10 things NOT to say to someone who is depressed

Have you ever wondered what not to say to someone who’s depressed?

There are things you should never say to someone who is depressed.
ReTen things not to say to someone who’s depressed — Image by

Have you ever said something to a sibling or a pal who’s depressed and instantly regretted it? You might have said “Why are you depressed? You’ve got a great job, a lovely family and lots of friends.” Or, “There’s people worse of than you and they’re not depressed.” You might have noticed the withering glare they gave you in response or the gulp they took to stop themselves from crying. You might even have been on the receiving end of the torrent of abuse your pal threw at you for not understanding? Ever wondered about what not to say, and why?

10 Things definitely not to say to someone who’s depressed (+1 Bonus)

Colour image of two friends passing each other by, one trying to ignore the other who's waving
Avoiding a friend, not knowing what to say — Image by
  1. How are you? — if you don’t have time to listen to their answer. How often have you had someone ask that same question as they rush on by, not waiting for an answer? If you must say something, or if you want to acknowledge that person as you rush on by, make a statement, not a question. Say something like ‘Good morning, nice to see you.” or “Evening, I like your hair/dress/your outfit etc.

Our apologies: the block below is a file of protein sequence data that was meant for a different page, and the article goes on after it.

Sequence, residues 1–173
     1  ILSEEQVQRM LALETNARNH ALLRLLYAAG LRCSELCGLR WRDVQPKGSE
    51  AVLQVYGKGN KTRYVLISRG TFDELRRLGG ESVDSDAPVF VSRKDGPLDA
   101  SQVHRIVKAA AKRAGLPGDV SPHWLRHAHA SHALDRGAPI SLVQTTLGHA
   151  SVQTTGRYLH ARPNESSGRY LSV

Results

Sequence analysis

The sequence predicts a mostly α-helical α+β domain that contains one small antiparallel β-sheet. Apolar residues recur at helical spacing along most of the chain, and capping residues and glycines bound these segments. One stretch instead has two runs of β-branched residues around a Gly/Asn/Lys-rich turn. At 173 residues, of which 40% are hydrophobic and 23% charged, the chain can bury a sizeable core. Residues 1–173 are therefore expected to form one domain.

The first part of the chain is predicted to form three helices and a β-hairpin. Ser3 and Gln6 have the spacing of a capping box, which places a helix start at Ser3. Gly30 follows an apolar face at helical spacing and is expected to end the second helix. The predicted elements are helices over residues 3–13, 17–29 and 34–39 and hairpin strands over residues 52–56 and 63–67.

2. You look well or Well, you look alright/fine to me. Perhaps they do on the outside, but on the inside, they might be feeling suicidal. And your comment just might come across as judgemental or insincere. I experienced depression and anxiety first hand. Every time someone told me I look well, I just wanted to punch them. It was like “Why don’t you ask me how I am instead of making stupid comments.”
  3. What have you got to be depressed about? You’ve got a good job, husband, a lovely home and a posh car. A person can have all these things but still be depressed. Depression can occur for a variety of reasons and it has many different triggers. Also, they might give you a big long list of why they’re depressed – what will you do with that information?